Tom Tugendhat says Boris Johnson is not being honest as other leadership rivals are unable to respond
Tom Tugendhat said that Boris Johnson is not an honest man to break with other rivals in the Tory leadership who have been unable to make a clear judgment on the prime minister’s integrity.
The Chairman of the Foreign Affairs Committee won the first applause of the evening from the audience channel 4‘s live debate for his response to a question put to each of the five candidates as to whether Mr Johnson was honest.
After lengthy replies from every candidate except Kemi Badenoch, who laughed and said ‘sometimes’, Mr Tugendhat started shaking his head and answered ‘no’ before host Krishnan Guru-Murthy had asked him the question.
Mr Tugendhat narrowly survived Thursday’s second round of voting for Tory MPs after receiving just 32 votes – five more than Attorney General Suella Braverman, who was eliminated.
But the former Army officer’s campaign insisted he was “in it to win it” and looked forward to the three televised leadership debates – in which frontrunners like Rishi Sunak, Penny Mordaunt and, to a lesser extent, Liz Truss seemed to have more to lose.
Tugendhat promised Channel 4 viewers a “clean start”, which is his campaign slogan, and called for “a break from those Johnson years”. party, those in our leadership positions, to ask ourselves, “Is this really what the public expects?”
“Are you serving the people of the UK or are you serving your career? Because that’s the real question tonight. That is the real question for all of us.”
That The debate saw candidates clash over taxeswith ex-Chancellor Mr Sunak accusing Ms Truss of spreading economic “fairy tales” and portraying herself as the only realist among the contenders willing to make difficult choices, such as choosing
But this central pillar of Mr Sunak’s campaign risked being somewhat undermined after Mr Tugendhat claimed the former chancellor privately told him he was only raising Social Security “because the boss wants it”.
Addressing questions about whether his boss at Downing Street was dishonest, Mr Sunak said: “I tried for as long as I could to help him when in doubt and finally concluded I couldn’t , and that’s why I quit.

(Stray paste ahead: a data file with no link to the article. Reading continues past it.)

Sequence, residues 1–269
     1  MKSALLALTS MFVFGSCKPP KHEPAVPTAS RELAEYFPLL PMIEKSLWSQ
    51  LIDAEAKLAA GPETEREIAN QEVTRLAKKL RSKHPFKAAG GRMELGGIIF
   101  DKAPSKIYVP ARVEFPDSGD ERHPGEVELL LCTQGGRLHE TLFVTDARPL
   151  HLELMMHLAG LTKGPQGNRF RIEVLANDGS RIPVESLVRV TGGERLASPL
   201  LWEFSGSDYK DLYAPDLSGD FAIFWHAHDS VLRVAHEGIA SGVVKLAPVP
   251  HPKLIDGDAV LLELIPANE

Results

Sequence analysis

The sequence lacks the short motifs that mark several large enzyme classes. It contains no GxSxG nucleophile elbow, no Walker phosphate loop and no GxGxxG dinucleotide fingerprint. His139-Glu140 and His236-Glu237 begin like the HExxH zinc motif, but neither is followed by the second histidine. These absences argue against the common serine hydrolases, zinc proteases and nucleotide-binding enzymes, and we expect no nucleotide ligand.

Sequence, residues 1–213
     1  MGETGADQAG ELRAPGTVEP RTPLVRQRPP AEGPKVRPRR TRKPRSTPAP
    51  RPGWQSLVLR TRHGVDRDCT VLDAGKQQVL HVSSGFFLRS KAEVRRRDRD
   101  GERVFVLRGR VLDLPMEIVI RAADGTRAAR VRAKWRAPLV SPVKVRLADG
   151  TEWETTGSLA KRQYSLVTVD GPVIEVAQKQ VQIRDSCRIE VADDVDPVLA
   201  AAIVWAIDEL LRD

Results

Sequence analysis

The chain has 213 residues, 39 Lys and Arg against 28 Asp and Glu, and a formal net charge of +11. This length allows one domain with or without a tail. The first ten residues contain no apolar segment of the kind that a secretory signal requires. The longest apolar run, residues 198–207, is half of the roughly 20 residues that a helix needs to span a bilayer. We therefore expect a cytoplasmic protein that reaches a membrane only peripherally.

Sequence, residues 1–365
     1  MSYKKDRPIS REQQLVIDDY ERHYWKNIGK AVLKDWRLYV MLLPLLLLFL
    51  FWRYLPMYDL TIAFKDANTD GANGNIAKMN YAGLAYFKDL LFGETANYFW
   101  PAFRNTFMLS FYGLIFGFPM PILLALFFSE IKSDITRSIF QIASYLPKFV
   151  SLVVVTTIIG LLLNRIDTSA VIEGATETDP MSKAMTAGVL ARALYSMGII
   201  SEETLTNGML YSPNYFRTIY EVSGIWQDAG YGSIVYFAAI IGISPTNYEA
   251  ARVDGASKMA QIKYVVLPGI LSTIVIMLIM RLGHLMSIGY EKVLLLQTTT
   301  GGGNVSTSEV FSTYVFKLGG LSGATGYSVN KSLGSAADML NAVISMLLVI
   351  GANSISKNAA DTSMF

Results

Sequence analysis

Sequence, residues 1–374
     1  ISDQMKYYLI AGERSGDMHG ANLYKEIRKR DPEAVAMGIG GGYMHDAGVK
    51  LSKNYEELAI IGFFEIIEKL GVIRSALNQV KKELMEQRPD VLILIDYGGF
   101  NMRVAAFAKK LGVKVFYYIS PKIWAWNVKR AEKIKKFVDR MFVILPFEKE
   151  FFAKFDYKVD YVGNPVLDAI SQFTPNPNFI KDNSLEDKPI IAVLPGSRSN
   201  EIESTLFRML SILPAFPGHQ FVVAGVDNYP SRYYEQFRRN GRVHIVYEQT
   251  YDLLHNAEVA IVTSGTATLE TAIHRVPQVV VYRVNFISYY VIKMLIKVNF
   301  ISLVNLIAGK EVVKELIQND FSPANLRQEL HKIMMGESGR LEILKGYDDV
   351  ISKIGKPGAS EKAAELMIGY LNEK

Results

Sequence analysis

“There were a number of reasons why I resigned, but trust and honesty were among them.”
Ms Mordaunt – who was sacked by Mr Johnson as defense secretary in 2019 for her support of his then-rival Jeremy Hunt – said that “there have been some really serious issues” and that Mr Johnson “paid a price for it”.
Ms Truss, who was in Indonesia as foreign secretary during the implosion of Mr Johnson’s government and remained silent until he announced his plans to step down, said the prime minister was “very clear to himself that he had made mistakes in government”. and she did his explanation for inaccurate statements about the Partygate scandal “at face value”.
She added: “I have of course stood by Boris Johnson, I have addressed issues with him privately, but I have supported him for the leadership election. I was part of his cabinet and I owed him my loyalty.”
A Opinium’s quick poll of 1,159 viewers found that 36 percent believed Mr Tugendhat had done best in the debate, placing him 11 points ahead of front-runner Mr Sunak.
Ms Truss, meanwhile, appeared to be having a disastrous outing as polls broken down by voter intent showed just 10 per cent of those who voted for Tory in 2019 thought she had done best – a figure that was even lower in the general population.